Having both been put under the cosh by financial regulators, Binance and Ripple have now outlined their visions for how the crypto industry should be governed.
Binance has spent the last year facing intense regulatory scrutiny in several countries - including Japan, Hong Kong, Italy and the UK - over issues such as money laundering controls. In September the firm set out a plan to centralise its business structure to, as CEO Changpeng Zhao put it, "work well with regulators".
Now, the exchange is calling for a global regulatory framework governing crypto markets, saying that it is working with policymakers to "achieve the mutual goal of protecting users, while allowing innovation to continue in a responsible manner, ensuring a healthy trajectory forward for the industry".
Having seen its reputation tarnished, the company has also set out its own 10 "fundamental rights" to protect users, covering issues such as privacy, robust levels of liquidity, and strong KYC processes.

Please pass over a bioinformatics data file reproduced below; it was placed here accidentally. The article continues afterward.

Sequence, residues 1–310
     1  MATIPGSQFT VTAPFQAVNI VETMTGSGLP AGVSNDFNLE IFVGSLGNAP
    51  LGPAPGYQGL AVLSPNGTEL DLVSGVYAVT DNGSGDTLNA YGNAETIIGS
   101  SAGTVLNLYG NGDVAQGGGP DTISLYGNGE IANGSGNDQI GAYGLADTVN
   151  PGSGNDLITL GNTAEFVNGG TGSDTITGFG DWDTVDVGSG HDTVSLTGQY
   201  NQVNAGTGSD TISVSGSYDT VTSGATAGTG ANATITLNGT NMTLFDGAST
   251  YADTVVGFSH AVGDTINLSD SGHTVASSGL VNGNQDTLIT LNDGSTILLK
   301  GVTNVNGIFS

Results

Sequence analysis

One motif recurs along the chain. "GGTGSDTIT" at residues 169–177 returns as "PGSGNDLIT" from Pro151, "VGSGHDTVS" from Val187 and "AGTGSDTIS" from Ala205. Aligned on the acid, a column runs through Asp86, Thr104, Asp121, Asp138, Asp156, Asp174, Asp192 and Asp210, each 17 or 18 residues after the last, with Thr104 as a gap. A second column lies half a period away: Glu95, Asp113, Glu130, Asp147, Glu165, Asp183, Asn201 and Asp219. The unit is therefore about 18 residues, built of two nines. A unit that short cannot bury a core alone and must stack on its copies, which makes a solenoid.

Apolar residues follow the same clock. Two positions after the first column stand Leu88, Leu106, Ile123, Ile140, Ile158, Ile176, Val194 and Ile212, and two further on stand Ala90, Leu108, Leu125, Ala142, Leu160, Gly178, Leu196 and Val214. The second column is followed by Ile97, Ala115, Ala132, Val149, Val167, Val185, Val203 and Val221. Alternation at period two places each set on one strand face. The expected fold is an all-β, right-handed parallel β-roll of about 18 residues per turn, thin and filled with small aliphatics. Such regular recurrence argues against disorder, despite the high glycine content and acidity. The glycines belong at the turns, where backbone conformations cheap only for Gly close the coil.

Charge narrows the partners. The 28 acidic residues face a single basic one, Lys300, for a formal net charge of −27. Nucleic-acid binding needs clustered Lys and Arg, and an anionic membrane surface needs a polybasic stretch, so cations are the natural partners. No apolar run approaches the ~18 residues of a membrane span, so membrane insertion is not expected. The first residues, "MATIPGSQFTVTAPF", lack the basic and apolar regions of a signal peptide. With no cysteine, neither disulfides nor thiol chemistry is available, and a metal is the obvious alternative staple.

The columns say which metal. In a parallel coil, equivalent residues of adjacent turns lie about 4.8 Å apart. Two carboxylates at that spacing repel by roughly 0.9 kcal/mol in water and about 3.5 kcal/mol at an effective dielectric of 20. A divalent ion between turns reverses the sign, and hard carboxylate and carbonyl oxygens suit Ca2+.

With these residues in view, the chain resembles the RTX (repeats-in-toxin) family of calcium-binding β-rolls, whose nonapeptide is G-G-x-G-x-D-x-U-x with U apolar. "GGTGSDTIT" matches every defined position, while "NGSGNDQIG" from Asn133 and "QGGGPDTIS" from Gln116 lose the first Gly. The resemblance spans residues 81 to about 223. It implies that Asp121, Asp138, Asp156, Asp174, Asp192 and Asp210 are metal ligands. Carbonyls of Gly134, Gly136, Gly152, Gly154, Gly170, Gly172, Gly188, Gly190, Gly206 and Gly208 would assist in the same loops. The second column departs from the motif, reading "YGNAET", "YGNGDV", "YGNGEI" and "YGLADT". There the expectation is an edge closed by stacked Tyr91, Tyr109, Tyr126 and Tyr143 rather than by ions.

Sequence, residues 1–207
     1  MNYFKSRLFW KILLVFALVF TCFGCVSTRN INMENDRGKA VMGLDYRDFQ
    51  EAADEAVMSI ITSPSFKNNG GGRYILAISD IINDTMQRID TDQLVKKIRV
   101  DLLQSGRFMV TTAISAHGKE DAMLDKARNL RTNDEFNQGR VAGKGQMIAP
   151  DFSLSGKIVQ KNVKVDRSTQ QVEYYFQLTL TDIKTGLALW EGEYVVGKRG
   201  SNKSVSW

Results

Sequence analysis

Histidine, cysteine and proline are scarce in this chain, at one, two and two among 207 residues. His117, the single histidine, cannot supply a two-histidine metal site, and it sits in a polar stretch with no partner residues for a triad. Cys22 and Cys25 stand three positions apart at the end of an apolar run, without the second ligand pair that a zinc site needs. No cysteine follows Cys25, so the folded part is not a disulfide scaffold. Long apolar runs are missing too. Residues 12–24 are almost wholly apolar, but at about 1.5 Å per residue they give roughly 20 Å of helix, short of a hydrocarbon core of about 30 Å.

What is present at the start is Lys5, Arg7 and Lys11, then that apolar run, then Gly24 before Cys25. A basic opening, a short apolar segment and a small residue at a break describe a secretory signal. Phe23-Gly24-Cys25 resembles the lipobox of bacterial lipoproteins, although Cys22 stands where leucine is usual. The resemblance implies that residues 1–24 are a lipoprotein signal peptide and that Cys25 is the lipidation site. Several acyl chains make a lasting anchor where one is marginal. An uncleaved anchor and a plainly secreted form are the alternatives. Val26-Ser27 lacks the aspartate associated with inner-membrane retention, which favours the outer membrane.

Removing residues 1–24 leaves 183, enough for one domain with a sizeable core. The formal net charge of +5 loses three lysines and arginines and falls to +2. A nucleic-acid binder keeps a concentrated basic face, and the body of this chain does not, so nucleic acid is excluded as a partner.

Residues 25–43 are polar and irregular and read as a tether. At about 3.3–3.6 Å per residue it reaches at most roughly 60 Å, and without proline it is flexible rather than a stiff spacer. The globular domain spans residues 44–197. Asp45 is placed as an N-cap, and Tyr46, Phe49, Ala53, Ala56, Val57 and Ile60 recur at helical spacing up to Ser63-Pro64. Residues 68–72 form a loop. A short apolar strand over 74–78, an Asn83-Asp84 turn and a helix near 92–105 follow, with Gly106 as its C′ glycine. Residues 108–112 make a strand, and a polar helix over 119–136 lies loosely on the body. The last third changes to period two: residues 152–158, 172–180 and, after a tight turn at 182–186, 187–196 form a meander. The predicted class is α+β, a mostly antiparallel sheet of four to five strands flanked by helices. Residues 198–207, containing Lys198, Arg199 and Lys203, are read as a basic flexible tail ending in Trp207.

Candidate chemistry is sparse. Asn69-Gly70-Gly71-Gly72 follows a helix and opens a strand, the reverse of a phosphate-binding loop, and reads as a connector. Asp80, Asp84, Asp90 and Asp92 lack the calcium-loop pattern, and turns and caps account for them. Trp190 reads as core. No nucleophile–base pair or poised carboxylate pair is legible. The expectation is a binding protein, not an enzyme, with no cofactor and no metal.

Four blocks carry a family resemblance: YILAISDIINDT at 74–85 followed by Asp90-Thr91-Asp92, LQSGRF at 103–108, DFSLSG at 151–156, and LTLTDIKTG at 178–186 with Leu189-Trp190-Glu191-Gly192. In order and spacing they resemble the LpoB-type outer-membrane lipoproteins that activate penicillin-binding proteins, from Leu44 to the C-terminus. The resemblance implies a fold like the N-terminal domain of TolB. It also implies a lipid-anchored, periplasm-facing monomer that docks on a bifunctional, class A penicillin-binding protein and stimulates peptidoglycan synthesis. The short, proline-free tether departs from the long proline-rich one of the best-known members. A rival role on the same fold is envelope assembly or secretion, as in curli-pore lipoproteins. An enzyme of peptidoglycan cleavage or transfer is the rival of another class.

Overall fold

Meanwhile, Ripple - which has this year faced litigation from the SEC - has set out its own "real approach" to cryptocurrency and digital asset regulation in the US, which, as it happens would limit the regulator's role in policing crypto currencies.
Ripple says that private-public collaboration must by at the heart of any legislative proposals and also argues that existing financial regulatory plans can be adapted to regulate cryptocurrencies.
In October, Coinbase, fresh from its own tussle with the SEC, called for the creation of a new US regulator to oversee digital assets, arguing that "laws drafted in the 1930s to facilitate effective oversight of our financial system could not contemplate this technological revolution".